That's not anything any engineer or architec would be proud of.


But they are proud of it. The structure performed above expectations.



posted on Jul, 3 2006 @ 07:25 PM
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You mean perimeter columns or core columns?
They sampled both.


Not really. I meant beams..as in floor beams. That is what failed.---well--I did kinda mean core columns too.






Well you have your work cut out for you then. You have to prove that air was unable to escape from the Towers, and thus higher temperatures were reached. Good luck explaining how all that smoke managed to escape, too.



Wrong.
It would depend on the rate of loss wouldn't it?
What does the smoke have to do with it?



Then you must not be reading his posts.


Maybe you're not understanding what hes getting at.



Visual estimation of about how much integrity steel will lose at 250 C.


Now THATS science---and I'm sure very accurate.



I hope you can read graphs well enough to match 250 C with the integrity loss it produces.



250C? What part are you talking about? I pointed out the the 250 reading in no way is meant to be proof that the temps were no higher than that.



60% and 90% integrity loss were suggested.


I stated this? Its possible, but I don't recall those numbers. Can you guide me to the post?



NIST only found two steel samples heated to 250 C. They found no steel heated to any temperature beyond this, and further, there was no glowing or other indications of any steel ever being heated beyond this before collapses. Therefore I have infinitely more physical evidence going for me, since you have absolutely none to bolster your claims of heating to beyond 600 C.


What part of the building is this referenced to? I claimed the temps were above 600?




Of the more than 170 areas examined on 16 perimeter column panels, only three columns had evidence that the steel reached temperatures above 250 ºC: east face, floor 98, inner web; east face, floor 92, inner web; and north face, floor 98, floor truss connector. Only two core column specimens had sufficient paint remaining to make such an analysis, and their temperatures did not reach 250 ºC. ... Using metallographic analysis, NIST determined that there was no evidence that any of the samples had reached temperatures above 600 ºC.





What you were saying does not fit this part of the report at all.


Well actually it does..but that would be another diversion and we've strayed WAY past the point.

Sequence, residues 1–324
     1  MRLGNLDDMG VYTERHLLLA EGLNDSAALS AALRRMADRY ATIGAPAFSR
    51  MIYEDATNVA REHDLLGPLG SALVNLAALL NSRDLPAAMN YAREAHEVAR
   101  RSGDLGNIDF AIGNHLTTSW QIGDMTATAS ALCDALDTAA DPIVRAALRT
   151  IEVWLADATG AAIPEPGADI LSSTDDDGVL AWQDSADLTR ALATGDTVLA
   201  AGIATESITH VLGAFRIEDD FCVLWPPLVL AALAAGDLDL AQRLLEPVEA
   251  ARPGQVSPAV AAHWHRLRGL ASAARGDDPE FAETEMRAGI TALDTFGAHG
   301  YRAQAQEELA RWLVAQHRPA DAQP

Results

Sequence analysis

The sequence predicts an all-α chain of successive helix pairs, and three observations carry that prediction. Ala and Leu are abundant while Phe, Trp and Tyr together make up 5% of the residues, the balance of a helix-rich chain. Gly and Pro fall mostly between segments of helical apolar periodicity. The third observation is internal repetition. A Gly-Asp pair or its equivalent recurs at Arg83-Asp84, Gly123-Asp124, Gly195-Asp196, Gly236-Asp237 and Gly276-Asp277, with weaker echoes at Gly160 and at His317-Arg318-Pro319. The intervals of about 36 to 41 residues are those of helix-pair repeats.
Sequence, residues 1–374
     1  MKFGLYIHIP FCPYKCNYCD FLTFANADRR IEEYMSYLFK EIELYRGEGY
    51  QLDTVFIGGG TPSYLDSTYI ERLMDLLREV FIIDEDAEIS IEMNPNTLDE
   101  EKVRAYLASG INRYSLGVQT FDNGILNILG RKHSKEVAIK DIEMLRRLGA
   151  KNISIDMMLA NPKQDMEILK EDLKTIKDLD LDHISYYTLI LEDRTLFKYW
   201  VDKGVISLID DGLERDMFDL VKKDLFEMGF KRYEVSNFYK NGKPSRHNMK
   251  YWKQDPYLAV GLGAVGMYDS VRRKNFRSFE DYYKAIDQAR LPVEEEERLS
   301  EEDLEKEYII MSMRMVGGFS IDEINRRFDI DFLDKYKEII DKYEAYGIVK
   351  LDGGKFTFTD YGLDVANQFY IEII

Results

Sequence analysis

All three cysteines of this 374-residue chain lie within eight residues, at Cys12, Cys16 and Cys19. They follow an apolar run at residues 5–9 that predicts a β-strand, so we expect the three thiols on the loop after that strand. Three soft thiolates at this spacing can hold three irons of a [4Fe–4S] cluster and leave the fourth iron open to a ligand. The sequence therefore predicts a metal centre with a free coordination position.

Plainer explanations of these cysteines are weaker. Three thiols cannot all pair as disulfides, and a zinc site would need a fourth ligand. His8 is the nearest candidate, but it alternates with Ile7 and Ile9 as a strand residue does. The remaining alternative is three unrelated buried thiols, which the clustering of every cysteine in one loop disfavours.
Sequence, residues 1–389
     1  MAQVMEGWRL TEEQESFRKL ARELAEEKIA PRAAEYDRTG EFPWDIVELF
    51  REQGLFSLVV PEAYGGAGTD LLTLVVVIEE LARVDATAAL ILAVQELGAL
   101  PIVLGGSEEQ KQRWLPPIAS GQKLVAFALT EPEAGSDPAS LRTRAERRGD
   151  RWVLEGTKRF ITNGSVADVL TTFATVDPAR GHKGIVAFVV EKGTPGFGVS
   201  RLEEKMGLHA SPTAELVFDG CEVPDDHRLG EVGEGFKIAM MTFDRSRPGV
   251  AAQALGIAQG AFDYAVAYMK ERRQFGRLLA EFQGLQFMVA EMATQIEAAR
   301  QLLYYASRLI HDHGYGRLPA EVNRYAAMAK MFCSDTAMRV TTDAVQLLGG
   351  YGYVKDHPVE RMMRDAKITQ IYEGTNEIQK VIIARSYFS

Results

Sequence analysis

The perimeter columns were on the exterior of the building. Aluminum panels were all that covered them, and they totally melt at around 660 C. And there were also totally exposed columns, and they also weren't glowing at all.


I meant the interior of the towers.
We're going tangental here.



posted on Jul, 3 2006 @ 07:47 PM
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Originally posted by Vushta
It would depend on the rate of loss wouldn't it?


Prove it however you'd like.


What does the smoke have to do with it?


Smoke is carried by air, you know.
If little air was escaping, little smoke would be escaping. I'll leave that to the photographs.



Maybe you're not understanding what hes getting at.


Ask him yourself.


250C? What part are you talking about? I pointed out the the 250 reading in no way is meant to be proof that the temps were no higher than that.


And I'm pointing out that this is nonetheless the only evidence we have. So what you're saying has none, and what I'm saying, has what little NIST would dish out for us.


I stated this? Its possible, but I don't recall those numbers. Can you guide me to the post?


You didn't say it, but I didn't say you did either. Reallynobody said it, I replied, and then you replied to me. That's how it became incorporated.


What part of the building is this referenced to? I claimed the temps were above 600?


All of it. They found NOTHING indicative of ANY part of the building being heated beyond 250 C. Read the sections of the NIST Report I cited for yourself. Check out around pages 90 and 140.



posted on Jul, 3 2006 @ 09:24 PM
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If what you say is true Bsbray then why do they state repeatedly that the fires created temperatures well above 250C?

Are they confused? Or are you misrepresenting. their data.


wtc.nist.gov...